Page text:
Second Day : Blah-er.

untitled : Oil on board. 9"x12"  2015

untitled : Oil on board. 9″x12″ 2015

The fog in Acadia is almost a living entity.  On Wednesday it rolled in and didn’t leave until Saturday.  This was off a little hike and while there are some areas that I really like – the almost impressionistic trees – the foreground is really bland.  I had meant to leave room to add in some dark pine boughs to frame the piece, which may help.

Third Day : More Fog.

untitled : Oil on board. 9"x12"  2015

untitled : Oil on board. 9″x12″ 2015

I dragged Lance along on another short hike out to the coast.  He set up a chair and read a book, I painted the only thing I could see through the fog – this stark dead tree.  I started thinking in terms of color temperature and I think it helped, although not much could save those poor plastic rocks in the bottom.

Fourth Day: More Tree

untitled : Oil on board. 9"x12"  2015

untitled : Oil on board. 9″x12″ 2015

After I paint I often find myself staring at the painting or a photo of it and wondering what I could have done better.  In the case of the tree I was really unsatisfied with the rocks, and I felt the branches in the earlier painting didn’t convey the shadows properly.  I also thought the tree to the right side had gotten muddled and lost.

So I went back again and set up in the same spot.  I trimmed the composition a little closer and tried to be as careful and deliberate as I could.  It’s a much better attempt, but those goddam rocks still feel plasticy and amorphous.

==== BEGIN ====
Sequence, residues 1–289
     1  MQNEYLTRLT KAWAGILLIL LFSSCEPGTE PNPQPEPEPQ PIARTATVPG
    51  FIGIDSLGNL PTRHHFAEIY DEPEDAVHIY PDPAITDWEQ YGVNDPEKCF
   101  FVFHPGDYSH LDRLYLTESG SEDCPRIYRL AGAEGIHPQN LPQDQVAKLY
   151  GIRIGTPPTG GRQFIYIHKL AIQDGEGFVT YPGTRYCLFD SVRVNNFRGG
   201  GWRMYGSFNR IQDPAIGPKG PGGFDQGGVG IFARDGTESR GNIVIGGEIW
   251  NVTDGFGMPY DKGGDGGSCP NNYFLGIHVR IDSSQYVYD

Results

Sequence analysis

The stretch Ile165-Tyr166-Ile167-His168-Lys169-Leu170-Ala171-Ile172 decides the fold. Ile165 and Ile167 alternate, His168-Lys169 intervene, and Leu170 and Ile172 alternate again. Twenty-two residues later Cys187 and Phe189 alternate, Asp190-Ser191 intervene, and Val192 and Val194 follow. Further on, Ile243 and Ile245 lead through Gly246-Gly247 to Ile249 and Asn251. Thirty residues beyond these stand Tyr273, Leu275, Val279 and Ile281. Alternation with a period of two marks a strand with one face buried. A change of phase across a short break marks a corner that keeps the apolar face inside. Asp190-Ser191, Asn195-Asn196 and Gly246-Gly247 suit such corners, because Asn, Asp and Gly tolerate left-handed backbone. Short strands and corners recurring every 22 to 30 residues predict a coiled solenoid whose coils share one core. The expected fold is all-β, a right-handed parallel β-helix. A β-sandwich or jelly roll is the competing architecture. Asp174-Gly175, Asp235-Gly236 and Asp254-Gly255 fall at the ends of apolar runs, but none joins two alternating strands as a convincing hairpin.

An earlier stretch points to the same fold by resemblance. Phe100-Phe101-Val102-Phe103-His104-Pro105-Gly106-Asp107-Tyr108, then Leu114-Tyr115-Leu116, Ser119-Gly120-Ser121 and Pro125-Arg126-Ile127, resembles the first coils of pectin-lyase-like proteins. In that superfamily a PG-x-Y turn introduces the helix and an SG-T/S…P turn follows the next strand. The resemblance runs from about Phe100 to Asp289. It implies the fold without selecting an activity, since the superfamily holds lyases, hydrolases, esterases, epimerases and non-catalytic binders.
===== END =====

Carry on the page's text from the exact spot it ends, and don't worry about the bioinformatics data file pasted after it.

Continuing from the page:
Fifth Day : More cliffs.

untitled : Oil on board. 9"x24"  2015

untitled : Oil on board. 9″x24″ 2015

This is from the same area I hiked all week.  I was tempted to go back and do more dead trees, but honestly it was getting a little depressing.  This was an ambitious piece – two panels side by side, and completed in the time it normally takes me to do one.

I’m very happy with the interplay of colors on the cliffs. I struggle a lot with the rock colors becoming too chalky or too orangey (see above).  I think these are one of the best representations I’ve done so far.  The tree line is a little too swoopy and the water got away from me.
I was on an exposed part of the trail, which meant I had a lot of audience for much of the painting, which can be a little distracting. There was also a potential thunderstorm on the way which urged me along.  I finished painting just as the first drops of rain fell.

And we’re back!

As some folks know Lance and I moved at the beginning of July, and both the build up to it and the aftermath have been quite intensive.  Suffice to say there hasn’t been much time for artwork.

However, after a month in the new apartment I have my studio set up and I have finally finished some painting!

The past two weeks have been devoted to the Echoes series, something I’ve strayed away from last year.  I stumbled onto Russian artist Isaac Levitan who’s work is truly inspiring for landscape painters.  His work provided an emotional touchstone and inspired me to rethink where I want Echoes to go.